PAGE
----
The policy significance of child healthy weight is evident by its inclusion as one of the Scottish Government's National Performance Framework (NPF) national indicators, which is being monitored via the Scottish Health Survey (SHeS). The original indicator in the 2007 NPF was:[5]

Reduce the rate of increase in the proportion of children with their Body Mass Index outwith a healthy weight

In the revised NPF, published in 2011, the indicator was changed to:[6]

Increase the proportion of healthy weight children

The revised NPF also includes a new indicator to increase the proportion of babies born with a healthy birth weight, another reflection of the increasing recognition that a long-term approach to overweight and obesity prevention is needed.

The introductions to the obesity chapters in the three previous SHeS Reports[7],[8],[9],[10] provided a detailed overview of the recent policy context in Scotland. These included:

  • The Scottish Government's Healthy Eating, Active Living: An action plan to improve diet, increase physical activity and tackle obesity.[11]
  • The Keep Well initiative.[12]
  • The Scottish Government's Route Map for tackling obesity and the associated Obesity Route Map Action Plan, published in 2011.[13] SHeS is the measurement tool for seven of the Route Map's indicators, including the long-term goal of: fewer children in Scotland overweight or obese.[14]
  • The Scottish Intercollegiate Guidelines Network (SIGN) national clinical guideline on obesity management.[4]
  • The NHS Scotland HEAT[15] target established in 2008/09 to deliver 6,317 child healthy weight interventions by March 2011. 8,406 interventions were delivered during the target period.[16]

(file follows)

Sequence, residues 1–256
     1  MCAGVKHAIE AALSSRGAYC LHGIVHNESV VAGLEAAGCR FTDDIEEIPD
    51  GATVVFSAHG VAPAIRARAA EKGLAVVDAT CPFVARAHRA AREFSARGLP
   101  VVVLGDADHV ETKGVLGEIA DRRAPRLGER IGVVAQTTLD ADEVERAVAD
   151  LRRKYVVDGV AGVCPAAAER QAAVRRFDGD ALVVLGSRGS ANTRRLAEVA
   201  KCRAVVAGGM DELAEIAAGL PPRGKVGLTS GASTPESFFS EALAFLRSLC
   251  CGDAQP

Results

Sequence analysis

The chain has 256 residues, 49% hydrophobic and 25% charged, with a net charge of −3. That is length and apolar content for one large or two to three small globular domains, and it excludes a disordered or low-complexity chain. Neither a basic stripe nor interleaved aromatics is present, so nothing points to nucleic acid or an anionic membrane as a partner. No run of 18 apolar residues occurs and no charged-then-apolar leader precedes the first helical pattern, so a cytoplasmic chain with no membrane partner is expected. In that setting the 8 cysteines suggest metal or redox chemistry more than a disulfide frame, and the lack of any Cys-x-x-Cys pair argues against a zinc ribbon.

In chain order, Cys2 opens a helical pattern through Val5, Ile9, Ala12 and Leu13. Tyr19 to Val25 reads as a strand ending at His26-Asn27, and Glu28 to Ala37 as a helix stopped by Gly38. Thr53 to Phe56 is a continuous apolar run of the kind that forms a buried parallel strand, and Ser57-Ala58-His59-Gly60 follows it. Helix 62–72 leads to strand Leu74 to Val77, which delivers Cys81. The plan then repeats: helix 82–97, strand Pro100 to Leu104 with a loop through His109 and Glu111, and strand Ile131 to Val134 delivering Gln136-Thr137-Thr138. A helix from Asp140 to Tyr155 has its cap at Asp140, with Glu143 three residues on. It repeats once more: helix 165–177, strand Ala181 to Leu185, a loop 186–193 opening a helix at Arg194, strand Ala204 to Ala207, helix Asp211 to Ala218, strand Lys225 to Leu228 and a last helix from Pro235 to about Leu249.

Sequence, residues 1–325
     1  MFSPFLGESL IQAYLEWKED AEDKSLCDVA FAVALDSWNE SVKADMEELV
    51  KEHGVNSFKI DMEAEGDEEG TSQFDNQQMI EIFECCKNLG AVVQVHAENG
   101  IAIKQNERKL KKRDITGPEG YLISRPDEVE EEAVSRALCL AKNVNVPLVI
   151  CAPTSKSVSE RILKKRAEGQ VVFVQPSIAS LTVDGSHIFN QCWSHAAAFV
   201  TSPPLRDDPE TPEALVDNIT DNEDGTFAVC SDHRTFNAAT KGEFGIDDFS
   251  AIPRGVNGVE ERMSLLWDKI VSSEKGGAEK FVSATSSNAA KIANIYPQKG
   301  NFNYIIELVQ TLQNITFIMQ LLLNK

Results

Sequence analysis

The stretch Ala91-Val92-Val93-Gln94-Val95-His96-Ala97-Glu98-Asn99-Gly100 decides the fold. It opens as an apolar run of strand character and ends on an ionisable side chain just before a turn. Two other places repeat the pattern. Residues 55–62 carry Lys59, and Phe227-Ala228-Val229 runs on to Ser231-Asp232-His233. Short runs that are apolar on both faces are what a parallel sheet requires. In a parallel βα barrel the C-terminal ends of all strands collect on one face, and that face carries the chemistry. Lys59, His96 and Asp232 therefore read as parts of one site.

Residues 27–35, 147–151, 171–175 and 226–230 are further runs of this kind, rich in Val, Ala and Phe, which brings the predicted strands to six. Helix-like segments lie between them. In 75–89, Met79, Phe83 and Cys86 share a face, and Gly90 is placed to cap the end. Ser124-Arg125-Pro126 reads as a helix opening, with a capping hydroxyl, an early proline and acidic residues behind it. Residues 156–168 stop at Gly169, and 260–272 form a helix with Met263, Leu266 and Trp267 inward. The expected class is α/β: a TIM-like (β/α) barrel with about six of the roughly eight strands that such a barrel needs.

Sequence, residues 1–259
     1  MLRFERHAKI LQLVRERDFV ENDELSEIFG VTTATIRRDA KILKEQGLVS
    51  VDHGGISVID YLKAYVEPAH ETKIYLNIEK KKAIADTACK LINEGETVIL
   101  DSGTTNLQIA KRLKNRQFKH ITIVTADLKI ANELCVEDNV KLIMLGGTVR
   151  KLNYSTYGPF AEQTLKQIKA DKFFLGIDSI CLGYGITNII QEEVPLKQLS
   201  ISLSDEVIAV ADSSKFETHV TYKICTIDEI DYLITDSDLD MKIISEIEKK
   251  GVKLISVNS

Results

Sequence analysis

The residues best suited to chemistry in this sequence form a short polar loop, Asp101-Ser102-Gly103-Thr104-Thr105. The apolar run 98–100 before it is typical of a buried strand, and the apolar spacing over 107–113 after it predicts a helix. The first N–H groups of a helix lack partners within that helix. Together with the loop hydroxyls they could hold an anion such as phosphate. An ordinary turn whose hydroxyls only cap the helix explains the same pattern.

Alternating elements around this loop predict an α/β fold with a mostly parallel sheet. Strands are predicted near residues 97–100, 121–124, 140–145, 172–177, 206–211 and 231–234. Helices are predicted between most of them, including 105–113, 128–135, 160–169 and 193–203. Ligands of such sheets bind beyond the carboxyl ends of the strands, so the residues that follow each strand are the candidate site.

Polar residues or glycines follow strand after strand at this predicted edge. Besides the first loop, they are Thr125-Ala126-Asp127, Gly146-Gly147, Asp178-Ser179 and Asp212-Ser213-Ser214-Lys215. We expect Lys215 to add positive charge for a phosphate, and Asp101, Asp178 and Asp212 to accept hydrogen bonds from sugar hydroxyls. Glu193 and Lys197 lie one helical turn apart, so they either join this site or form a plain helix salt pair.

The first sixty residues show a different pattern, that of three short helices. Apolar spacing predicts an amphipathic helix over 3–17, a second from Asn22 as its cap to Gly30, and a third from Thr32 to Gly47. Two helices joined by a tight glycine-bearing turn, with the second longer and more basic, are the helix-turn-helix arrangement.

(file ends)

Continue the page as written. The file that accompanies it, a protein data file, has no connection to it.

In addition, a number of policy actions targeted specifically at improving children's diets (described in Chapter 3) and physical activity levels (described in Chapter 4) are also relevant in the context of tackling obesity.

The HEAT target noted above was extended to cover the delivery of 14,910 interventions in the April 2011 to March 2014 period with a new requirement that at least 40% of such interventions should be delivered to children living in the two most deprived SIMD quintiles.[16] 5,052 interventions were delivered between April 2011 and March 2012 and an evaluation is currently underway to explore the impact of the programme.

The association between healthy weight and wellbeing noted above has also been reflected in the new National Mental Health Indicators for children and young people in Scotland.[17] The percentage of 2 to 15 year olds classified as obese or morbidly obese (Body Mass Index (BMI) at or above the 95th Centile of the 1990 UK reference data) is one of the indicators and has been included as part of the individual contextual domain as a measure of healthy living.

This chapter focuses on body mass index (BMI), derived from the direct measurements of height and weight taken in the main interview. Trends in child BMI over the 1998-2011 period are examined by age and sex. The chapter takes advantage of the combined 2008 to 2011 samples to provide more robust estimates of BMI for different age groups, and repeats the analysis of the association between parents' and children's BMI presented in the 2009 report.[9] Finally, differences by socio-demographic group are also shown.